[27] There was an alternative restitutionary claim, by which the respondent alleged that it was entitled to restitution of part of the price of $500,000 (plus GST) which it had paid under the Sale Deed.  The respondent alleged that the appellant had received payment of that price “as consideration, inter alia, for the defendant’s agreement to enter into the [Service] Deed and to render medical services for the term of the [Deeds]”.

[28] At the trial, in the respondent’s written submissions which were presented at the conclusion of the evidence, that alternative claim for restitution was pressed.  It was submitted that as the appellant had left Springfield more than three years prior to the expiry of his five year term, having taken “the full benefit of the upfront payment under the Sale Deed”, the appellant “has had and received a proportionate amount of the purchase price to the use of [the respondent]”.  It was submitted that a “fair and just compensation for the benefit obtained by [the appellant] would be achieved by requiring him to pay [70 per cent] of the purchase price.”

[29] But it appears that the respondent did not persist with the restitutionary claim at the trial.  The trial judge wrote:[3]

“I turn now to the question of damages.  In so doing, I note that it was properly conceded by counsel for the plaintiff that, in dealing with the case as one of breach of contract, it is unnecessary for me to deal with the alternative claim for restitution.”

[30] The respondent filed no notice of contention seeking to rely upon its alternative claim in restitution[4] and did not seek to pursue that claim in its argument in this court.  That is unsurprising, because there was only a partial failure of the agreed consideration for its payment of the price under the Sale Deed.  The respondent did receive some of the benefits for which that payment was made, at least by the appellant practising from the respondent’s centres for a time before his departure in 2012.  The payment of $500,000 was not apportioned by the Sale Deed between different benefits to be received by the respondent.  Nor was this a case where it could be said that the Sale Deed, upon its proper interpretation, entitled the appellant to retain the payment only conditionally upon the performance of his obligations to work at the respondent’s centres for the entirety of the agreed term.[5]  The respondent’s recovery of the price, in whole or in part, by a claim in restitution was precluded by its having received part of the benefit for which it bargained.[6]  However, as I will discuss, the payment was relevant in the assessment of damages for breach of contract.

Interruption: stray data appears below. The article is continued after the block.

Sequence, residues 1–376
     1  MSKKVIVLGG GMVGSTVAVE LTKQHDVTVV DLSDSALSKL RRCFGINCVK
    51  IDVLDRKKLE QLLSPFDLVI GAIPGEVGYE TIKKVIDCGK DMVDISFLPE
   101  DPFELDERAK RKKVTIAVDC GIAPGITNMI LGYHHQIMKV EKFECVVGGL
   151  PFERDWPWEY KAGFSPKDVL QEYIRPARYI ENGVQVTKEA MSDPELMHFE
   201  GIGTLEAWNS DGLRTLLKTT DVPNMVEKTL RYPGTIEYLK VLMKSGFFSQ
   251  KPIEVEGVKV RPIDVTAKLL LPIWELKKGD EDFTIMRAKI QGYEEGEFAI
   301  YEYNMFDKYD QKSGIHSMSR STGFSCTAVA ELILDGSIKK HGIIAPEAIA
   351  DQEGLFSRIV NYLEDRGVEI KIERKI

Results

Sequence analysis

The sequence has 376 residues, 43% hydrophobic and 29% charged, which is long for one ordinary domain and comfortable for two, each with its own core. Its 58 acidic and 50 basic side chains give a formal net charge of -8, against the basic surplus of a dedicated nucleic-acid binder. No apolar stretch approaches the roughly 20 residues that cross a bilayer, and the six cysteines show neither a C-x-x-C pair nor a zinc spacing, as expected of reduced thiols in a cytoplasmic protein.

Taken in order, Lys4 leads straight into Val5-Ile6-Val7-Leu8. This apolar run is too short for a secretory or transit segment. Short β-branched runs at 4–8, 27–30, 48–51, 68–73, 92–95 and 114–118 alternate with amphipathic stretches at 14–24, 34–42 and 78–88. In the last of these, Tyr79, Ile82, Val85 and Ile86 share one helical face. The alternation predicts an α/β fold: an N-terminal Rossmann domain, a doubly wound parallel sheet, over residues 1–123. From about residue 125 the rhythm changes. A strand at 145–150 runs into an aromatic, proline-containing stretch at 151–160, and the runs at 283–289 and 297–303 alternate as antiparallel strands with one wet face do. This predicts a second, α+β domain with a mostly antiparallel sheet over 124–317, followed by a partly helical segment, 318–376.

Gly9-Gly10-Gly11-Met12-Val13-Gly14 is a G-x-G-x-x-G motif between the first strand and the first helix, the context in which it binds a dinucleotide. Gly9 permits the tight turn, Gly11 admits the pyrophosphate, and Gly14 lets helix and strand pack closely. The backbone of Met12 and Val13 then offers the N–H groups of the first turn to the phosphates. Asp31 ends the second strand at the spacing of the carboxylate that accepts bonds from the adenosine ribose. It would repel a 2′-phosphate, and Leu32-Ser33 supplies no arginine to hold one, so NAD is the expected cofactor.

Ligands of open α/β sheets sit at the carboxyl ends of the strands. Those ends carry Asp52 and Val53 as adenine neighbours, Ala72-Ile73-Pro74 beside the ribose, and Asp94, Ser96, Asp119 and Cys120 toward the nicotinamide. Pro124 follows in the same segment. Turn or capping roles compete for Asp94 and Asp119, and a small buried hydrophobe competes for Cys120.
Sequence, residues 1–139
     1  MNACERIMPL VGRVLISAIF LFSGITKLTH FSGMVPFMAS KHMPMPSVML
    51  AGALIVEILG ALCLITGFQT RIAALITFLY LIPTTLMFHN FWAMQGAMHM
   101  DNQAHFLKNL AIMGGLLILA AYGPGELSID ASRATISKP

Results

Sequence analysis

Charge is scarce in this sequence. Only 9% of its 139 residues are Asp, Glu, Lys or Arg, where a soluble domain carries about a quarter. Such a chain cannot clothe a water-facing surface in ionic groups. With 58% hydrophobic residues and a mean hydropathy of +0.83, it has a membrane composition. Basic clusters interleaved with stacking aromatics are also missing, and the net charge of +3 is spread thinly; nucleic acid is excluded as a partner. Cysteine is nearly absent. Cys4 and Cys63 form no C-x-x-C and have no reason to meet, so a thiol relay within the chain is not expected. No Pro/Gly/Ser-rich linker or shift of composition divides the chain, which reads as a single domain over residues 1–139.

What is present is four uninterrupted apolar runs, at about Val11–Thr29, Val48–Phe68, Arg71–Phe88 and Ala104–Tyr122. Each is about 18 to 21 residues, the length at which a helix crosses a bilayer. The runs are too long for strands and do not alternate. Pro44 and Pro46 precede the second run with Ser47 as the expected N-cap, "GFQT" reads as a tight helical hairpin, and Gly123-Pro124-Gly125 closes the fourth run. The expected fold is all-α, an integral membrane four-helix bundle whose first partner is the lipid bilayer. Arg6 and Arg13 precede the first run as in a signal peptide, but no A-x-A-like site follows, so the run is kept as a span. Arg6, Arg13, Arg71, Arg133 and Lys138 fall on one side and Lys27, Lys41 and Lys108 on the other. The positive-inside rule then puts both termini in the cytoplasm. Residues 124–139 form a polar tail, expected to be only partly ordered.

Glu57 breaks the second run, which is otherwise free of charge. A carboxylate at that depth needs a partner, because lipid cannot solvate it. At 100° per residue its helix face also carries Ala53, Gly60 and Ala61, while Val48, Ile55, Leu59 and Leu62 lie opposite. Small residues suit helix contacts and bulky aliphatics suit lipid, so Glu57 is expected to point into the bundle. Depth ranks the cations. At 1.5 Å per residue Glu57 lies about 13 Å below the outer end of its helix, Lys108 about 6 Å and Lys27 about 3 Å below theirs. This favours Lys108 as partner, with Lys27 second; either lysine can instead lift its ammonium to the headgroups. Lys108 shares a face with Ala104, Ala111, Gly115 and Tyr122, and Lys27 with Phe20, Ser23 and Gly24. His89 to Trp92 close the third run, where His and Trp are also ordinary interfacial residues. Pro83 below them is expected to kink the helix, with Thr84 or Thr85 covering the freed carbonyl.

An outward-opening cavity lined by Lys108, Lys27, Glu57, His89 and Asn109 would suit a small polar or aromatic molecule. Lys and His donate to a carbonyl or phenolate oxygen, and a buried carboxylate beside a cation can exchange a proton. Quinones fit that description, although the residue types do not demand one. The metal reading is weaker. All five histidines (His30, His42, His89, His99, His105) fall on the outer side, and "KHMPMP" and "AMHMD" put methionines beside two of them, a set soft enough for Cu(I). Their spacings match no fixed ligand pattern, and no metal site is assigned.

The primary judgment

[31] The trial judge considered the appellant’s pleaded complaints that the respondent had breached the contracts and concluded that none of the alleged breaches was established.[7]  On those findings, said his Honour, it followed that there was no justification for the appellant refusing to provide his services and his failure to do so was a fundamental breach of each of the contracts such that the respondent was entitled to terminate them as it had done.[8]

[32] On the question of damages, the trial judge concluded that the respondent’s compensable loss should be confined to a period from 20 February 2012, when the appellant left the Springfield centre, until 1 July 2013, which was about when another general practitioner joined the Springfield centre, effectively as a replacement for the appellant as the trial judge saw it.[9]  His Honour rejected a claim for damages for any breach of contract which predated the appellant’s departure from the centre,[10] because such a claim had not been pleaded.

[33] In rejecting a claim for damages for loss of the appellant’s services from 1 July 2013 until 28 July 2015 (the date when the five year term would have expired) his Honour said:

[91]The plaintiff itself was not in the business of providing medical services; as described by Ms Ward, it was in the business of providing administration and facilities to the doctors who themselves provided the medical services.  The plaintiff derives its income, and hence its profits, from the doctors to whom it provides its services.  When the defendant was at the Springfield centre, the plaintiff derived its income, and thereby earned its profits, from 13 doctors.  When the defendant left, that income and profit stream dropped back to 12 doctors until July 2013, when it returned to 13 doctors.

[92]There was nothing unique about the defendant as a source of income for the plaintiff.  This was not a case, for example, in which the defendant was providing highly specialised or unique services.  As a profitgenerating source for the plaintiff, the defendant was interchangeable with other general practitioners.  This must necessarily have been the case in the “walk in” model adopted by the plaintiff, and because he was not unique as a profit source for the plaintiff, the defendant was completely replaceable.”

[34] In this court, the respondent does not challenge the assessment of damages.

Breach of contract questions

[35] Although it is not entirely clear from the appellant’s submissions, I will assume that he challenges each of the findings made by the trial judge as to whether the respondent was in breach of contract.

[36] The first of those complaints is that the respondent did not allow patients to make appointments with the appellant.  The trial judge remarked that this reflected the appellant’s dissatisfaction with the plaintiff’s “walk in” model, which his Honour described as follows:[11]